Materials

Consent Form (see appendix)

Briefing Note/ Standardized Instructions (see appendix)

Debriefing script (see appendix)

Video of car crash (see appendix)

Questionnaire 1 (see appendix)

Questionnaire 2 (see appendix)

Stopwatch (see appendix)

Debriefing Note (see appendix)

Procedure

The experiment took place in a classroom where noise and other disturbing factors were minimized. In an effort to address the issue of ethics the participants signed a consent form and instructions concerning the focus of the experiment were read out loud. At the same time made clear that individual answers were required and that talking should be avoided. The participants were then shown a video clip of a car crash, after the impact the video was paused and car ‘a’ and ‘b’ were specified. (see appendix) The mixed questionnaires were then given to the participants in an alternating fashion by row. The questionnaire directed the participants to estimate the speed of the car before it impacted the other. The verb varied from “contact” to “smash” in the questionnaires (see appendix). The questionnaires were then collected after 7 minutes; also the students were debriefed on the experiment and concerning their right to withdraw from the experimental group. Then a week later the participants were debriefed.

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Results

Graph 1

Table 1:Processed Data On Average Speed Recall Estimation for Conditions A and B

Mean

Median

Mode

Smashed (A)

34.63

32.79

30

Contacted (B)

26.8

28

15/ 35

Description of Results

For the first questionnaire, where the verb used was ‘smashed’, the arithmetic mean was 34.632 mph. For the second questionnaire where the verb used was ‘contacted’, the arithmetic mean was 26.8 mph. The median for ‘contacted’ was 28 mph, while the median for ‘smashed’ was 32.786 mph. The mode for “contacted” was 15 mph and 35 mph, while the mode for “smashed” was 30 mph.

Analysis of Results

From the data is evident that the data reinforces Loftus’ findings, that confirmed “the phrasing of the question…can elicit speed judgment.” This is because the mean speeds varied according to the verb used to frame the question. The participants who received the first survey, where the leading question included the verb smash recalled a greater severity, due to reconstruction of memory. This is because the verb smash is regarded as a rather serious description of a car accident; whereas in the second survey the verb contacted was used to describe the accident, ‘contacted’ has a significantly less severe connotation. This less sever connotation was reflected in the results, where it’s mean speed estimation was only 26.8 mph whereas the verb smash had a mean speed estimation of 34.631 mph. This difference is significant because the disparity of 7.83 mph is quite close to the 9 mph disparity in recalled speed estimation found by Loftus.

Discussion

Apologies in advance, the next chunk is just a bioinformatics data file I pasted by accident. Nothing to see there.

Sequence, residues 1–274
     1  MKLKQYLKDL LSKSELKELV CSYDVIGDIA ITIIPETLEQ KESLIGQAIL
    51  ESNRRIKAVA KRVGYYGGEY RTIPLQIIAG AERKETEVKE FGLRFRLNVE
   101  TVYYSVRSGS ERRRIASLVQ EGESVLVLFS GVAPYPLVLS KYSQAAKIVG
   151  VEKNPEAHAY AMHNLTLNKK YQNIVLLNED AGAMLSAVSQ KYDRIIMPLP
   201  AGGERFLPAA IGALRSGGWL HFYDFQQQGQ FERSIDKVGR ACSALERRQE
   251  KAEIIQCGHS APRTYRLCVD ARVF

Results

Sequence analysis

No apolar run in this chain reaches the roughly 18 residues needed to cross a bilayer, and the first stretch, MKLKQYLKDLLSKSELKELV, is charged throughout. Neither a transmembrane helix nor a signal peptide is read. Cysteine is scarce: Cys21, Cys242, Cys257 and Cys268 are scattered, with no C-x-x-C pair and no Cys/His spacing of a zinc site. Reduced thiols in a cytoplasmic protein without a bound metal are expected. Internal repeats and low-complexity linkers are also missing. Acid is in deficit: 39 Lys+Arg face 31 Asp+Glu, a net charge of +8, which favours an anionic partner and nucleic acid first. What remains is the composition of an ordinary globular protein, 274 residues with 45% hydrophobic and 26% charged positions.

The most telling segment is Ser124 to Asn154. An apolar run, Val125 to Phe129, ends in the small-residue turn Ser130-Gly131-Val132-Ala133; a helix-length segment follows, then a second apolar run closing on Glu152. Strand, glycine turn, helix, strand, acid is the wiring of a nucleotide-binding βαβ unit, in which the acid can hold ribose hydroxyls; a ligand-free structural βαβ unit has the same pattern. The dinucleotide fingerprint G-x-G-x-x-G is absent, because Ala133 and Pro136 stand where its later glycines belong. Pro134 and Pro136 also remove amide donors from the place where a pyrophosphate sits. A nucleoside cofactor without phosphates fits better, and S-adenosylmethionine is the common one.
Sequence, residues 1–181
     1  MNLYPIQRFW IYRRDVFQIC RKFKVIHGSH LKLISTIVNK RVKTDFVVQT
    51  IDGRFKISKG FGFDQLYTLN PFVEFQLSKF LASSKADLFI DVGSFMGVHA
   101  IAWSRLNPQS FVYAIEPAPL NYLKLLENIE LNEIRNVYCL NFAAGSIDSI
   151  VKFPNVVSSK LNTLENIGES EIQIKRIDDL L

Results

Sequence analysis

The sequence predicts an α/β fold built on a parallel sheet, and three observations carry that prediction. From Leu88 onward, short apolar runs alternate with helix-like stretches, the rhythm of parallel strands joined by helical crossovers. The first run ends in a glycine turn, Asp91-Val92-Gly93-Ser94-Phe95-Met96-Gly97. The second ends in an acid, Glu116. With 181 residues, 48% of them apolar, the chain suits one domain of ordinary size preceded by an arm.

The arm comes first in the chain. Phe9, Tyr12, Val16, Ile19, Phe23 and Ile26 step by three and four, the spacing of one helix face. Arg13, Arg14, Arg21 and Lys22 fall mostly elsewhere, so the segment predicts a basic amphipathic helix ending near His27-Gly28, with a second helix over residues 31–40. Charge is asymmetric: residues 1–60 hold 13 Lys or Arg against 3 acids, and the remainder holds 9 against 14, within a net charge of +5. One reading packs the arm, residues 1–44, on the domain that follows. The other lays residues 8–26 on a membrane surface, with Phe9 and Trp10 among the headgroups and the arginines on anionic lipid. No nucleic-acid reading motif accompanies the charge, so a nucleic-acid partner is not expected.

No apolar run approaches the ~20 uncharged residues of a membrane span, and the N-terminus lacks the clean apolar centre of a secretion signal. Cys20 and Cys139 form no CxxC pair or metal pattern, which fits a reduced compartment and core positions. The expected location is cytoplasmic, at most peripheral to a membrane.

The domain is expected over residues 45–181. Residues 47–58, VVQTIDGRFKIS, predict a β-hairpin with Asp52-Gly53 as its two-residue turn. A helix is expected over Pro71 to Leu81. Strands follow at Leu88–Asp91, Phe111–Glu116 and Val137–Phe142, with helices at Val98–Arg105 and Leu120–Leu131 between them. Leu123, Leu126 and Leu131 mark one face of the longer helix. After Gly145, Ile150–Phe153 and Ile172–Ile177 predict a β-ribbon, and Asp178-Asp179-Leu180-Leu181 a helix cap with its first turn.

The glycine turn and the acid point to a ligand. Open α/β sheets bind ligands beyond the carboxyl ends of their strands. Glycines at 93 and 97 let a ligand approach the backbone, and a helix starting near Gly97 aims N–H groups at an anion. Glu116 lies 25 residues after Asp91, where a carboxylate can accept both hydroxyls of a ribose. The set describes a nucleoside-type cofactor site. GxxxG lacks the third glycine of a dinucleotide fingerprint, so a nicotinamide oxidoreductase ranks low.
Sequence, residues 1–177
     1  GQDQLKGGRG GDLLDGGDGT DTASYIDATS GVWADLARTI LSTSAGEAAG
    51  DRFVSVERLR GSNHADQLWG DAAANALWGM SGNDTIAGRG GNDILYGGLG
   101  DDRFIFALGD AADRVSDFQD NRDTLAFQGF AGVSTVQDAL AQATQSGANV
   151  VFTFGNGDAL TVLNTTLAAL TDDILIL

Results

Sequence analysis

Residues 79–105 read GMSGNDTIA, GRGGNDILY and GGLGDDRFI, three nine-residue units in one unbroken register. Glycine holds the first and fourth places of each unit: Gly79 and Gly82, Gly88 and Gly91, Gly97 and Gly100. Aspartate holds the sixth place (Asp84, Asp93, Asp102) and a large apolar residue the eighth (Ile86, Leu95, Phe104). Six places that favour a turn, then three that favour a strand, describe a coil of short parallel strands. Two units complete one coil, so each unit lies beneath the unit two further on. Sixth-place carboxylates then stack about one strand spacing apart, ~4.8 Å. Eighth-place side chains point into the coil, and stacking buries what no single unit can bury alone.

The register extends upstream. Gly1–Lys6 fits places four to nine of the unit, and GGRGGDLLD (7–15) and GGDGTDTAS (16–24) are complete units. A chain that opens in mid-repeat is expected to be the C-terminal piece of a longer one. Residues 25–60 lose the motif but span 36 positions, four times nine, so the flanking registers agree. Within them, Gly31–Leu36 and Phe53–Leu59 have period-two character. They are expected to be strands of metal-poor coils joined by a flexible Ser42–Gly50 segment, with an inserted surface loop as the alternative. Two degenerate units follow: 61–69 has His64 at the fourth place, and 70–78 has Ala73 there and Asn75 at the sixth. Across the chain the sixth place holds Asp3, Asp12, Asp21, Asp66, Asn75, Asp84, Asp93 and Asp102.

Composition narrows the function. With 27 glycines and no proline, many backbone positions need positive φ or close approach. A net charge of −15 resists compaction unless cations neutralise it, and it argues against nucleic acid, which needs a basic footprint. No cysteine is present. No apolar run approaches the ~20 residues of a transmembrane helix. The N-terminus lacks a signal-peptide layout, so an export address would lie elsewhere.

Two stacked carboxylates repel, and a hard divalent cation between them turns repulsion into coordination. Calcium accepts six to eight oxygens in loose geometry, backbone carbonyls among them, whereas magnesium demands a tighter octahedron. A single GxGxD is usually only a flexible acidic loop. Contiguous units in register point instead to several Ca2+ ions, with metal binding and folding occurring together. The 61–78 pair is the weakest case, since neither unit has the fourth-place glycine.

The results of our experiment are similar to the study orignal study by Loftus and Palmer, suggesting that the connotations of a word (it’s schema) can influence the response given by the participant. The participants who were introduced to a misleading question behaved as expected. The mean estimated speed was significantly higher when the word with dramatic connotations, “smash”, was used than when the less dramatic word “contact” was the verb, which suggests that people process information according to their existing mental representations of knowledge, and these schemas can affect the retieval of memories and perception of an event, this is shown by the differing results in the two experimental conditions. So, it seems that the wording does affect the retrieval of memory, which Loftus and Palmer proposed in 1974 after having obtained similar findings. The effect of language on memory is very relevant in eyewitness testimonies because it can lead to erroneous recalling of witnessed events. This was clearly demonstrated in our experiment as well as original study conducted by Loftus and Palmer. The primary strength of our experiment is the ability to control the experimental variables as all extraneous variables are avoided because we used a close experimental environment. The independent variable (the verb) was easily manipulated and created differing dependent variables in the two experimental conditions. However, there also seems to be limitations to our experiment; the convenience sample clearly resulted in sample bias as not every layer of the population is represented. Also, a few people could not resist the urge to talk during the experiment, this might have resulted in conformity. Another limitation is the lack of ecological validity. This was also one of the main points that Loftus was criticized for. The experiment is performed in an artificial environment, in real life the participants would witness the event in a more dramatic manner, and might have some involvement in the situation or the people involved, which could make them pay more attention. Culture might also be a factor, all of these studies are conducted in Western countries, and research of memory within other cultures might prove cultural differences in recalling specific events. For future experiments a more representative sample could be suggested, i.e. the sample should represent the population as whole and not only IB students. To avoid the unwanted communication between participants during the experiment they could be placed in separate rooms. If the issue of culture should be addressed the experiment could be conducted in a country whose culture differs from the Western one as to compare the results between cultures. Ecological validity could be improved by examining the results from a naturally occurring experiment.